We visited Kaliflower on our second night, and while it was small, it served up some big choices and deliciously healthy meals. I had the Tikka Trail that came with tikka sauce, marinated kale, and was topped with cucumber mint yogurt, chopped cilantro, crispy chickpeas and lemon.
The Wildberry Pancakes and Cafe on E. Randolph Street was a few minutes from our hotel, and their menu overflowed with vegetarian options. They included vegan breakfast hash, gluten-free avocado toast and kale and quinoa vegan salad. I liked that they used local farm-fresh ingredients, and everything was delicious. We enjoyed our meal so much that we went back the next day and had their delicious pancakes.
What to Do:
Walking tours and bike tours are a great way to make your trip more eco-friendly, and in Chicago, both were easy to find. I signed up with Bobby’s Bike Hike for their lakefront tour which would take us along the 26-mile lakefront path for bikes.
Our tour guide Robert was super friendly and took us through the streets and along the path, stopping to talk about the city’s history and pointing out sites like the gorgeous Buckingham Fountain. I really appreciated the high-quality bikes as it made the hour and a half ride super comfortable.
You haven’t seen Chicago until you’ve seen it from the lakefront and seeing it by bike provided the best view ever. Robert delved deep into the city’s history and gave us a test on what the four red stars stand for on the city’s flag. He also shared the popular theory on how the town earned its Windy City nickname and, no, it’s not due to the frigid breezes that blow off Lake Michigan. It was during the 1890s when Chicago was rebuilding from the great fire of 1871, all of their boasting about their new beautiful city prompted a New York columnist to respond that they were a bunch of windbags.
Millennium Park is a must-see when you’re doing Chicago as an eco-tourist as it’s a 25-acre example of how a city can provide park space and be eco-conscious at the same time. The park is not only a gorgeous meeting spot for locals and tourists, but it covers an unsightly underground parking garage, providing a beautiful ecosystem in the middle of downtown Chicago, and is the most extensive green roof in the world. The beauty of green roofs is that they reduce surface temperature and heating and cooling costs, and at the same time, they’re fun.
The park was our first stop when we arrived in Chicago as I thought it would be an excellent way to wind down. The attractions are second to none, especially for families with young children as it is very family-friendly and includes a rock climbing area, swings, playground and miniature golf.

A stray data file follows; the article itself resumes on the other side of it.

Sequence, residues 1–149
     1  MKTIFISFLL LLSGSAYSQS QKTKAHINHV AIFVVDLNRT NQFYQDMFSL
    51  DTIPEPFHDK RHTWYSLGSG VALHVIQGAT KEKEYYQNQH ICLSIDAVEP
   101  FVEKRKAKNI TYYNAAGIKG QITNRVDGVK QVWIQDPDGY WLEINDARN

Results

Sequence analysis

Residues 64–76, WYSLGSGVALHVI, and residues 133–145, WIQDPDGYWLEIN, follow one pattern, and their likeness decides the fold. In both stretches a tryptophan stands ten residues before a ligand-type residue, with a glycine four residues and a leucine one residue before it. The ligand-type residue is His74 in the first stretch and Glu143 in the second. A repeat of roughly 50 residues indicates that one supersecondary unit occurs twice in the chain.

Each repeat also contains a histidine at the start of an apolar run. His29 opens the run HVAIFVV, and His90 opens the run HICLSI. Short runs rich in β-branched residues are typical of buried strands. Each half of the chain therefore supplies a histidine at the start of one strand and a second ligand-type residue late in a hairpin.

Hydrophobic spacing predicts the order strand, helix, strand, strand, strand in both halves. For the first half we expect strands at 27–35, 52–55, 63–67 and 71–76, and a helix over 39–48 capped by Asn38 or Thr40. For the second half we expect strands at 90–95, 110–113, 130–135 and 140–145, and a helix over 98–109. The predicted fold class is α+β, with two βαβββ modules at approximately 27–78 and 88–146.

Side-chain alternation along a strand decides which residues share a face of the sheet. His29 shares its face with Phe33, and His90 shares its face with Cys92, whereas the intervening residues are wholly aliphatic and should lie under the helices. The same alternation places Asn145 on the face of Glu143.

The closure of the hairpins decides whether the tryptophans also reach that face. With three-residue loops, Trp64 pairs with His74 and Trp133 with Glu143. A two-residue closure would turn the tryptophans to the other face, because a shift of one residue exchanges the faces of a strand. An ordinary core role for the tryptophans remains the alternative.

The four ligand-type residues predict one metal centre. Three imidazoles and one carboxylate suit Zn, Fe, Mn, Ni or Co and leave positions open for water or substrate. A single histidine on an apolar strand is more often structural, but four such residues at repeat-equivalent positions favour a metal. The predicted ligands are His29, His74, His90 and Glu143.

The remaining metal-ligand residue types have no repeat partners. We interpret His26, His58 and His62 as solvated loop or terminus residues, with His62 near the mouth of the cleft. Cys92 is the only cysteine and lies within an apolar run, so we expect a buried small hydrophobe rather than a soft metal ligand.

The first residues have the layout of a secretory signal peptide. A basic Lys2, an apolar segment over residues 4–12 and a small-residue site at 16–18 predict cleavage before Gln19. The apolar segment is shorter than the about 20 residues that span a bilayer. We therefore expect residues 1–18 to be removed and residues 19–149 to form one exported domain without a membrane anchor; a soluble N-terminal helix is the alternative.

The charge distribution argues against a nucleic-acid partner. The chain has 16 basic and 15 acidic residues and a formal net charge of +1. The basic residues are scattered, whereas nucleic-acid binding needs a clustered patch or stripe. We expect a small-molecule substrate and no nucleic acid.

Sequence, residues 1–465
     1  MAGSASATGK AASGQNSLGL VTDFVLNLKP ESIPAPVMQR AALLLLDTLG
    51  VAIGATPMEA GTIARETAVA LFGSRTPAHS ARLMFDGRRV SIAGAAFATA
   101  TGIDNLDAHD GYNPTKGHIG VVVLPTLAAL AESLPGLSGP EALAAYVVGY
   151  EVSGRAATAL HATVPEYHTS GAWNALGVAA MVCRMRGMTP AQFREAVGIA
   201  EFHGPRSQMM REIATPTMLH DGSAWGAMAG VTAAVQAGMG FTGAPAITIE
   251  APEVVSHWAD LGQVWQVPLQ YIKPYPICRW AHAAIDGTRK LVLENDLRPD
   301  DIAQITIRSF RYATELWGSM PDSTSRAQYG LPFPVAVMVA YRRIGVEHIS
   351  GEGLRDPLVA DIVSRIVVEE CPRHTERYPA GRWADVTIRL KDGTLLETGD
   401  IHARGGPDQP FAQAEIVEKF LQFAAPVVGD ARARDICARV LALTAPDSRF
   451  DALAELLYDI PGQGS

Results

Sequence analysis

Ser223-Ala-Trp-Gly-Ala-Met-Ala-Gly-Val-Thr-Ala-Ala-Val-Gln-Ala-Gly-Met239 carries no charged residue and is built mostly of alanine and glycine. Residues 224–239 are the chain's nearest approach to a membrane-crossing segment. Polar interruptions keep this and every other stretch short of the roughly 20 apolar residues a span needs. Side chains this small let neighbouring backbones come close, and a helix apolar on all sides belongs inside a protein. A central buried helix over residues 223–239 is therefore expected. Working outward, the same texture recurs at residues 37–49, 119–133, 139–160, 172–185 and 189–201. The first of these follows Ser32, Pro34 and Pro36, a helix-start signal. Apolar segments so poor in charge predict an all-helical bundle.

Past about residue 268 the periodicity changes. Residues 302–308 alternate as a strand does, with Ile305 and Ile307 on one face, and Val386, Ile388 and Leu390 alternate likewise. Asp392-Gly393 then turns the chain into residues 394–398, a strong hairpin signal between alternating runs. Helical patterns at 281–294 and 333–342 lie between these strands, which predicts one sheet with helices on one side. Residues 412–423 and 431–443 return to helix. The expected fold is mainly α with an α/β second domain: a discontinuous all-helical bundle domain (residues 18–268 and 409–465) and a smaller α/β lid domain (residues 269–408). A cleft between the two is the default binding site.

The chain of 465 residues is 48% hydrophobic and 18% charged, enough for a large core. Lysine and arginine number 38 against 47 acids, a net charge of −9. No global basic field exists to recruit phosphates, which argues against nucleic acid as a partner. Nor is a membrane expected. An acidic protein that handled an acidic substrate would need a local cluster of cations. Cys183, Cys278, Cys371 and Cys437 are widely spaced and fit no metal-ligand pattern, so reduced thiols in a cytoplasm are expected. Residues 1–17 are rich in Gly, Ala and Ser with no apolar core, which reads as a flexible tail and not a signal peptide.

We headed for the infamous Cloud Gate, AKA, the Bean, which is one of the world’s largest outdoor monuments and is made of highly polished stainless steel. It was designed as a mirror and reflects the sights around the park.
Also popular in the park is Crown Fountain which is made of two 50-foot towers at each end of a shallow reflecting pool. There are more than 1,000 faces of Chicagoans projected onto the tall towers, individually, and it’s probably the most unique fountain I’ve ever seen. As kids splashed in the pool, we sat on the bench and watched the facial expressions on the towers change and water spout out of the mouths.
The Art Institute of Chicago houses some of the most exceptional art in the world, including the American Gothic, but a little known fact is that it’s also a leader in eco-friendly practices. In 2005, a network of institutions came together to make their buildings more sustainable, and the city’s Green Museums Initiative was developed to bring sustainability to the city’s museums.
Where it’s most apparent is in the Modern Wing, which was built to maximise natural sources of energy and minimise waste. It’s been described as one of the finest examples of green architecture in the world. The sunshade is referred to as the “flying carpet” and filters daylight into the upper-level gallery spaces.
The screen saves electricity consumption while helping to achieve ideal lighting conditions during the day. For visitors, the lighting automatically adjusts, providing perfect light while also saving electricity.
Shedd Aquarium is one of Chicago’s ten museums, which include the Field Museum, all of which have pioneered environmentally friendly practices, from green business operations to green exhibits.
The river that runs through Chicago is as much a part of the city’s identity as is the shoreline, so a river cruise was a must during our visit. In keeping with our eco theme, I chose the cruise run by the Chicago Architecture Centre which practices eco-friendly tourism by fuelling their vessels with only clean energy sources. The twilight river cruise is a one-of-a-kind experience. The boat sails up the river during the day and comes back at night so you see the city sparkle from the sun reflecting off the buildings and then at night it becomes the city of lights.
The author travelled to Chicago in August 2019 with her family and was a guest of Fairmont Millennium Park Hotel, Bobby’s Bike Hike, Chicago Architecture Centre and Choose Chicago. None of the facilities reviewed or approved this article.